Cover: Portfolio-driven reform

Portfolio-driven reform

Vermont teachers' understanding of mathematical problem solving and related changes in classroom practice

Published 1996

by Brian M. Stecher, Karen Mitchell

Purchase Print Copy

Add to Cart Paperback71 pages Free

The Vermont portfolio assessment program has had substantial positive effects on fourth-grade teachers' perceptions and practices in mathematics: Teachers report that they have learned that mathematics is more than computation, and they regularly teach problem-solving skills. However, teachers have had difficulty understanding certain key aspects of the reform. They do not share a common understanding of mathematical problem-solving and do not agree on problem-solving skills. As a result, they tend to focus on the scoring rubrics to guide student efforts. Without common understanding among teachers and adequate controls on student preparation and administrative conditions, scores from non-standardized, instruction-embedded assessments may not support proposed uses involving comparisons among students, classrooms, schools, or systems. Vermont should continue its efforts to expand the knowledge of its teachers and to supply them with additional materials to guide pedagogy and classroom activities.

Originally published in: The National Center for Research on Evaluation, Standards, and Student Testing (CRESST), CSE Technical Report Series.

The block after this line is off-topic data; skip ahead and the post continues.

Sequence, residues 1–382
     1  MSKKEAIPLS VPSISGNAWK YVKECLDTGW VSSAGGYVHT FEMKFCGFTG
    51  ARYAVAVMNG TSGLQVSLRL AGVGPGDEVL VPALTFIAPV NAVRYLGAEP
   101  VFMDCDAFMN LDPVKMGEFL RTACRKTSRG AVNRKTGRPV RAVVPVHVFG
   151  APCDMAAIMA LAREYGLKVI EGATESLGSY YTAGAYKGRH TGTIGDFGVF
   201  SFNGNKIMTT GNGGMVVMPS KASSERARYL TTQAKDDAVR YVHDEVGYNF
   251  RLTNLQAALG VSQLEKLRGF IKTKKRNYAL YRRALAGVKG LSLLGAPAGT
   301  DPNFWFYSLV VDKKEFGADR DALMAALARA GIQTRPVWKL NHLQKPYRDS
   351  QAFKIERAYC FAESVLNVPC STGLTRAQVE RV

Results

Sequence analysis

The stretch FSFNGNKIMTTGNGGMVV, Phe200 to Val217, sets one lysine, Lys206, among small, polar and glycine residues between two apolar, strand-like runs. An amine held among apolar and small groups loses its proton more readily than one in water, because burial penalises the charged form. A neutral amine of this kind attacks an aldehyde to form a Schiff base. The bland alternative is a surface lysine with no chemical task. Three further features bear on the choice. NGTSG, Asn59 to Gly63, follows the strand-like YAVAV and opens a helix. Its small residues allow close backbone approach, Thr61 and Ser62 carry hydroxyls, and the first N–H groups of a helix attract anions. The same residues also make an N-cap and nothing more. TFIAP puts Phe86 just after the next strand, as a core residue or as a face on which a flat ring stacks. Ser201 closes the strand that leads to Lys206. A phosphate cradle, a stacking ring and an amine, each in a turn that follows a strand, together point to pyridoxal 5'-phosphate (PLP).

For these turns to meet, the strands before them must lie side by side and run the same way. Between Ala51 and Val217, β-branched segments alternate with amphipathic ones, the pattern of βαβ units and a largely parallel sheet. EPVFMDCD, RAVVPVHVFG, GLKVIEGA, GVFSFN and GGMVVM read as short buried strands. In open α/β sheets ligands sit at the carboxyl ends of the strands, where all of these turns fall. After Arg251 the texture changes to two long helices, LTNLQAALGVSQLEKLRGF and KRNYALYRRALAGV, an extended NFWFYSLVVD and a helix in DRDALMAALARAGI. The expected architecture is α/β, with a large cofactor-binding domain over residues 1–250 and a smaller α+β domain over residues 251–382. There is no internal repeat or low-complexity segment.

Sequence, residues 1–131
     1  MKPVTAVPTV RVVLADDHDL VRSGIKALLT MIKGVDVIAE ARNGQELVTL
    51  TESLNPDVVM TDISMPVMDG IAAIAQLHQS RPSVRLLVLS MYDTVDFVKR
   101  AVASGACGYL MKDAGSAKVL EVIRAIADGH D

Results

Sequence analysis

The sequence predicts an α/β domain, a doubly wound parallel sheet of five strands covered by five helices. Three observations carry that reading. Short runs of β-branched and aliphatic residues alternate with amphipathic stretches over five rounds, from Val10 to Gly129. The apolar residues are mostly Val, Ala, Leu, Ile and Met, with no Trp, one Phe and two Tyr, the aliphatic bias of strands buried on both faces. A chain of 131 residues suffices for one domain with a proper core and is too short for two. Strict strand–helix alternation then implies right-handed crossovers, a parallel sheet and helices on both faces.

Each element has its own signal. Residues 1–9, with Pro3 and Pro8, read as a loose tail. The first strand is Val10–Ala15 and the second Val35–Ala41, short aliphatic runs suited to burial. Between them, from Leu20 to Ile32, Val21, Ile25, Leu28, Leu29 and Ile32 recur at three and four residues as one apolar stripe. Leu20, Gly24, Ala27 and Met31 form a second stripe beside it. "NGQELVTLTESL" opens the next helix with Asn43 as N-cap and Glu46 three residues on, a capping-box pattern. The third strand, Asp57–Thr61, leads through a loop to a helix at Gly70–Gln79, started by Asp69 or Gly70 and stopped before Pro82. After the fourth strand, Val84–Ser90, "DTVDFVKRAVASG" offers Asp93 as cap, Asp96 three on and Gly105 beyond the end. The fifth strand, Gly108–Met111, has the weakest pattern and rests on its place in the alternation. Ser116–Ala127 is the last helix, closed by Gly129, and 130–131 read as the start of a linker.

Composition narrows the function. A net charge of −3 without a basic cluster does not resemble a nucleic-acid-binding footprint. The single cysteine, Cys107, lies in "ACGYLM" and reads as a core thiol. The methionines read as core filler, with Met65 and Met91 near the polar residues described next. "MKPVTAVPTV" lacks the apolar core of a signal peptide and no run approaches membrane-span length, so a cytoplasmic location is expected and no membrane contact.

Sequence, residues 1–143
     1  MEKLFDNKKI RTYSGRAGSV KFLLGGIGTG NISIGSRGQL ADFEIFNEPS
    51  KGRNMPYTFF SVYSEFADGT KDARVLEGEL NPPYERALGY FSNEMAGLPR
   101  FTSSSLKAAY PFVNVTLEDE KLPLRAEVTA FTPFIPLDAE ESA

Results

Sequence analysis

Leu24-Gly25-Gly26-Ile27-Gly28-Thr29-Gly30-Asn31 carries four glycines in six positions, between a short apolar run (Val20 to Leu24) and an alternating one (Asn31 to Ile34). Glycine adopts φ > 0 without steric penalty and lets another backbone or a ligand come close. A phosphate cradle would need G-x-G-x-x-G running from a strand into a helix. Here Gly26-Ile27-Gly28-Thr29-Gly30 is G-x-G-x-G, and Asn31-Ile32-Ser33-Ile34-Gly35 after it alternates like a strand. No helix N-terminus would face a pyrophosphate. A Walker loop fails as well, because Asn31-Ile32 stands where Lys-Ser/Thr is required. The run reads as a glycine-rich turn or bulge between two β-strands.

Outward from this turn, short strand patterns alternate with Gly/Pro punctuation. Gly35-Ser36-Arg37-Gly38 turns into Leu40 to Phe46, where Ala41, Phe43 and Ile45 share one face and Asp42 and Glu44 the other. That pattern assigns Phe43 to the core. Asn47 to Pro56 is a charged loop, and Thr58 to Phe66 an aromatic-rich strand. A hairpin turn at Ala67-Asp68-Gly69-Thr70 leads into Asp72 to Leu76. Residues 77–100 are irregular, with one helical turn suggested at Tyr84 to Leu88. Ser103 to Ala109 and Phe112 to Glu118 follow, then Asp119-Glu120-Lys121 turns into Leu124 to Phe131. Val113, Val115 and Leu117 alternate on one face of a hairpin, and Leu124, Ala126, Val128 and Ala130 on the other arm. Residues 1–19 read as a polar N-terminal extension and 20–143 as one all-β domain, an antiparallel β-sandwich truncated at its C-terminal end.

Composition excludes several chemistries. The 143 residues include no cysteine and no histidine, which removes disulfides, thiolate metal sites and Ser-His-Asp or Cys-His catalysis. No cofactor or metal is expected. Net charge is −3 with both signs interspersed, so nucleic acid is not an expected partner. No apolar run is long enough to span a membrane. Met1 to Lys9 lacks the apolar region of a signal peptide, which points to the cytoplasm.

This report is part of the RAND reprint series. The Reprint was a product of RAND from 1992 to 2011 that represented previously published journal articles, book chapters, and reports with the permission of the publisher. RAND reprints were formally reviewed in accordance with the publisher's editorial policy and compliant with RAND's rigorous quality assurance standards for quality and objectivity. For select current RAND journal articles, see External Publications.

This document and trademark(s) contained herein are protected by law. This representation of RAND intellectual property is provided for noncommercial use only. Unauthorized posting of this publication online is prohibited; linking directly to this product page is encouraged. Permission is required from RAND to reproduce, or reuse in another form, any of its research documents for commercial purposes. For information on reprint and reuse permissions, please visit

RAND is a nonprofit institution that helps improve policy and decisionmaking through research and analysis. RAND's publications do not necessarily reflect the opinions of its research clients and sponsors.